"People as things, that’s where it starts"

From “Carpe Jugulum” by Terry Pratchett: 


The Omnian priest Mightily-Praiseworthy-Are-Ye-Who-Exalteth-Om Oats  is sitting by a roadside road talking with an old woman. He does not know that the woman is a witch and therefore knows how many angels can dance on the head of a pin:

“Sixteen!”
 “You’ve counted sixteen?” said Oats eventually.
 “No, but it is as good an answer as any you’ll get. And that’s what you holy men discuss is it?”
 “Not usually. There is a very interesting debate raging at the moment on the nature of sin, for example.”
 “And what do they think? Against it, are they?”
 “It is not as simple as that. It’s not a black and white issue. There are so many shades of gray.”
 “Nope.”
 “Pardon?”
 There’s no grays, only white that’s got grubby. I’m surprised you don’t know that. And sin, young man, is when you treat people as things. Including yourself. That’s what sin is.”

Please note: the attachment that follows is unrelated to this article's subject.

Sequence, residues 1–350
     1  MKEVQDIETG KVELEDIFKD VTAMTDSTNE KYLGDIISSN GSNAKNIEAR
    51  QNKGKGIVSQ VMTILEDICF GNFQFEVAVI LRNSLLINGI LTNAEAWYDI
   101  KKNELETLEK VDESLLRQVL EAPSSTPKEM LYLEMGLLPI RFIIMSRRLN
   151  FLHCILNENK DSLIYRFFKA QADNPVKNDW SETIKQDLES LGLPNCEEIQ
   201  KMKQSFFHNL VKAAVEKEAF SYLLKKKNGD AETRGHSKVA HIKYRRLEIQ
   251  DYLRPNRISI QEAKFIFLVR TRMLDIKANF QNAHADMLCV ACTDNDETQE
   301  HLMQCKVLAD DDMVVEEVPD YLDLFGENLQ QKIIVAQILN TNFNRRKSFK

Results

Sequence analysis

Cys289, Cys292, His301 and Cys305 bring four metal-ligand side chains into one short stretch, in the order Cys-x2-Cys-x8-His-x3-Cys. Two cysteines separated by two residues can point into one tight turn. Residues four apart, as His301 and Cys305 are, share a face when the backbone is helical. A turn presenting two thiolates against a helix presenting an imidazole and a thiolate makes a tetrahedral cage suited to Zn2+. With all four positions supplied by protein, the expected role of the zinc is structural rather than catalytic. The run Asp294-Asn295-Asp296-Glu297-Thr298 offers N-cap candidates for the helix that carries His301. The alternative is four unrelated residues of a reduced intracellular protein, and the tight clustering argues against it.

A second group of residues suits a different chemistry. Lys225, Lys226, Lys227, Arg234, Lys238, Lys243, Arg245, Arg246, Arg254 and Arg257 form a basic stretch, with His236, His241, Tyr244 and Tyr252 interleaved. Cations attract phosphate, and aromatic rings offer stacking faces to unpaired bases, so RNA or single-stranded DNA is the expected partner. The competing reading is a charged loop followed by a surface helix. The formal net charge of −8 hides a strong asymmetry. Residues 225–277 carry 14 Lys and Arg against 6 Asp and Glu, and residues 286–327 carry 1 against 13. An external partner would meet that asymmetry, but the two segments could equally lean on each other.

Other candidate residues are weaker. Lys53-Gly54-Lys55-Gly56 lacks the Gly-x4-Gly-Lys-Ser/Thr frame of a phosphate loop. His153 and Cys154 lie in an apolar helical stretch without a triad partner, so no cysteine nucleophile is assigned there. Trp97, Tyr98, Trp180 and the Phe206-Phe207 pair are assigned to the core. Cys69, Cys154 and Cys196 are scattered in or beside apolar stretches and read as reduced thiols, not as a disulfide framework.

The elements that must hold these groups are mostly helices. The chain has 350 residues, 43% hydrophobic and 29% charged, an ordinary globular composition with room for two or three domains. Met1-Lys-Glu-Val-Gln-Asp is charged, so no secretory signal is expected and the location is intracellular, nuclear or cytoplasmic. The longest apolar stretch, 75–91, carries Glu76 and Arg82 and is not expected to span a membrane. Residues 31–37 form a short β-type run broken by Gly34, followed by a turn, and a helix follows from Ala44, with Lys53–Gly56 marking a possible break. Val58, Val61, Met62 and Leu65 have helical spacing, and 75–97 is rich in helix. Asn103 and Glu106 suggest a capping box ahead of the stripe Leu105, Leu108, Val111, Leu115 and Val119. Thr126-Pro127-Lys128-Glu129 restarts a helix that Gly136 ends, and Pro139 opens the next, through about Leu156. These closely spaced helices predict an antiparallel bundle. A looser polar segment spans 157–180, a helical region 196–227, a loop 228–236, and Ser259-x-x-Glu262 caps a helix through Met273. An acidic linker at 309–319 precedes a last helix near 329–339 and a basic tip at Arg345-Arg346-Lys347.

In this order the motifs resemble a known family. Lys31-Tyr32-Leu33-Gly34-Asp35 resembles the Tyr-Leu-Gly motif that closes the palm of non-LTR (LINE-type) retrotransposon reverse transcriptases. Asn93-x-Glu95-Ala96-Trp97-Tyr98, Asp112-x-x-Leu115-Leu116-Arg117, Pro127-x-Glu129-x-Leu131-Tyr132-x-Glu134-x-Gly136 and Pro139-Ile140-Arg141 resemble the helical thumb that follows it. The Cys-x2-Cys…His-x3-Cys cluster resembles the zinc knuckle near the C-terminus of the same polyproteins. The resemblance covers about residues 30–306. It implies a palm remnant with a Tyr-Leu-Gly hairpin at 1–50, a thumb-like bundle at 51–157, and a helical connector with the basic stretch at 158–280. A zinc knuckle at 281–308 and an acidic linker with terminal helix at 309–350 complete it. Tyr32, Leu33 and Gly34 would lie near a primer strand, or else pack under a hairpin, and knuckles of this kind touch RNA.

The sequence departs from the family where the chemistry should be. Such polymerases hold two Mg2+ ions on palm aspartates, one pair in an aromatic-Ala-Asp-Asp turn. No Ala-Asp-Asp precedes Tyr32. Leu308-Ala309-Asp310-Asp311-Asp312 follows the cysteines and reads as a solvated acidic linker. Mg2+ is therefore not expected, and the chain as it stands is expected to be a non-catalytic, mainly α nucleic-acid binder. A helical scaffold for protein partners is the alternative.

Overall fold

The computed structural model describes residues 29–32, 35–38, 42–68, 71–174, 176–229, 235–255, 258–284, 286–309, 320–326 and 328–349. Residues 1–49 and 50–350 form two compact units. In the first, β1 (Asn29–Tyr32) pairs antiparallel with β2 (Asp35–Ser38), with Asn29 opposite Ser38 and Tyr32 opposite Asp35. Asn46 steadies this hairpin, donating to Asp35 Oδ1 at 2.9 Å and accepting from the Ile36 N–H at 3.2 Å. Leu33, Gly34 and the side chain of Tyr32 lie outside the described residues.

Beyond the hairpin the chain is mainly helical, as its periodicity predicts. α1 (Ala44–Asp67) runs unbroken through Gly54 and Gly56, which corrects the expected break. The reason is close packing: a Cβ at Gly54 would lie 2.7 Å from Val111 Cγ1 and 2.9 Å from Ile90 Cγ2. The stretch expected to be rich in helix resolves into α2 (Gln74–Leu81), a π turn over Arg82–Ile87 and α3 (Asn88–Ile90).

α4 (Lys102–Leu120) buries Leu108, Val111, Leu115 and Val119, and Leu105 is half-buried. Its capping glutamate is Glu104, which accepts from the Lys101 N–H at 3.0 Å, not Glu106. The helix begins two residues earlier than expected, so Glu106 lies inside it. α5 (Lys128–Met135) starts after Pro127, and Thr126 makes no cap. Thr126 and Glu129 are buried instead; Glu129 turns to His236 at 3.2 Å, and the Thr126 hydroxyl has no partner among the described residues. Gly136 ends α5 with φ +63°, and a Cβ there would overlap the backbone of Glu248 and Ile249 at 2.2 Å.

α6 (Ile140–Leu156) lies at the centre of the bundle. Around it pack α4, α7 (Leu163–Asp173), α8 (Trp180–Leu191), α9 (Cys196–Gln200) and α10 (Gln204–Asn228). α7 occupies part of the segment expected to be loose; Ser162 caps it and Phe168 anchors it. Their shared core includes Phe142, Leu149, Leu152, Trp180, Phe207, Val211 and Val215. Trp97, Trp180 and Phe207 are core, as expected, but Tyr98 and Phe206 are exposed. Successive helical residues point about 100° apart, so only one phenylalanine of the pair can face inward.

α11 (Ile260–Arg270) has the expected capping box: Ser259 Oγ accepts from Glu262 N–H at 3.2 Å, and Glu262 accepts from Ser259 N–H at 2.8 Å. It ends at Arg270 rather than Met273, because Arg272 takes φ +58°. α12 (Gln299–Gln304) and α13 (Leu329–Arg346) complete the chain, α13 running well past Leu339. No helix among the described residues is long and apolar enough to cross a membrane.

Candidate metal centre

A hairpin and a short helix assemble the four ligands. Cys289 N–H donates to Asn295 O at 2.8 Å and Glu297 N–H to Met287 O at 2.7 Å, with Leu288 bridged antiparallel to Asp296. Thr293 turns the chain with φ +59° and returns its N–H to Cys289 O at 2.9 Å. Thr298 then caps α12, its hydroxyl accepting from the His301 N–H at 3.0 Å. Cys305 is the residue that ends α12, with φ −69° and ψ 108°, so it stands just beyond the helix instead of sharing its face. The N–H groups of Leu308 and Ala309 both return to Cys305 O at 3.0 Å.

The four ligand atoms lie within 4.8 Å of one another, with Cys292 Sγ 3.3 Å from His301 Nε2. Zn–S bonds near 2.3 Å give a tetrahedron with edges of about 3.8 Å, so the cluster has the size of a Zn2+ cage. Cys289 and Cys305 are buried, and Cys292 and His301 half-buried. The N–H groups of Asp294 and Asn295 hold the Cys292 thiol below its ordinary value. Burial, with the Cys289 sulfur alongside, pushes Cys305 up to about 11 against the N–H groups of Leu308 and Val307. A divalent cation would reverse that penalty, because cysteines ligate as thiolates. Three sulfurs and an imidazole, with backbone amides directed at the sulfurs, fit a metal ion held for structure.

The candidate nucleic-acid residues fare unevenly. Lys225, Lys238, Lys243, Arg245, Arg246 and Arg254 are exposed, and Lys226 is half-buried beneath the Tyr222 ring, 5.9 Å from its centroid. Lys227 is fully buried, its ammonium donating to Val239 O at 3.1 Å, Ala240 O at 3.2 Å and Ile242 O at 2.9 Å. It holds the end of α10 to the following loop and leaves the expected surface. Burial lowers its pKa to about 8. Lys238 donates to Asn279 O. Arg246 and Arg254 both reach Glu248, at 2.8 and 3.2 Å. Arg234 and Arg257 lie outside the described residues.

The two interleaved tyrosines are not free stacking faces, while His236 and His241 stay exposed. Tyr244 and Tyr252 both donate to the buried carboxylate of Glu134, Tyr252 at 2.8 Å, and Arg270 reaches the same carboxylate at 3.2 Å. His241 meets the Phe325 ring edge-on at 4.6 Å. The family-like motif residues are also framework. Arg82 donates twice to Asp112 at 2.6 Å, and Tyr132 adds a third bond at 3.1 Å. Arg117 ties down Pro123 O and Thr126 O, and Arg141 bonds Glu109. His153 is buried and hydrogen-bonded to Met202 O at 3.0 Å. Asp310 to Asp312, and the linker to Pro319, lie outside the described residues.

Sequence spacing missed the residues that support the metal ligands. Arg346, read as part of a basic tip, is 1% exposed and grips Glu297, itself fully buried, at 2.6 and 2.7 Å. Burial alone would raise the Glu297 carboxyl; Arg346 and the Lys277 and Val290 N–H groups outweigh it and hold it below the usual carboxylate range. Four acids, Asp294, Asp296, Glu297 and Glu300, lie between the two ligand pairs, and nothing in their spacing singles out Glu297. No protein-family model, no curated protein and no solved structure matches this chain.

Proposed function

“It’s a lot more complicated than that–“
 “No it ain’t. When people say things are a lot more complicated than that, they means they’re getting worried that they won’t like the truth. People as things, that’s where it starts.”
 “Oh, I’m sure there are worse crimes-“
 “But they Starts with thinking about people as things…”

An example of  “thinking about people as things” is Abraham, who is willing to kill his son because his god demands it. When finally I saw the situation from Isaacs point of view ….



I found it impossible to believe in the Christian faith that I had grown up in.  

The picture is from a Wikipedia article on “The Binding of Isaac”

If you’re getting a sense of deja vu, it’s because I have has a post with this title previously, which I have now deleted because of a niggle … the article I linked to left me with a feeling of unease, which I understood when I reread it and read that the author, Elizabeth Scalia, “is the Managing Editor of the Catholic Portal at Patheos and blogs as The Anchoress.”

I’ll put in the link here in here:



And round this whole thing off with Leonard Cohen’s “Story of Isaac”




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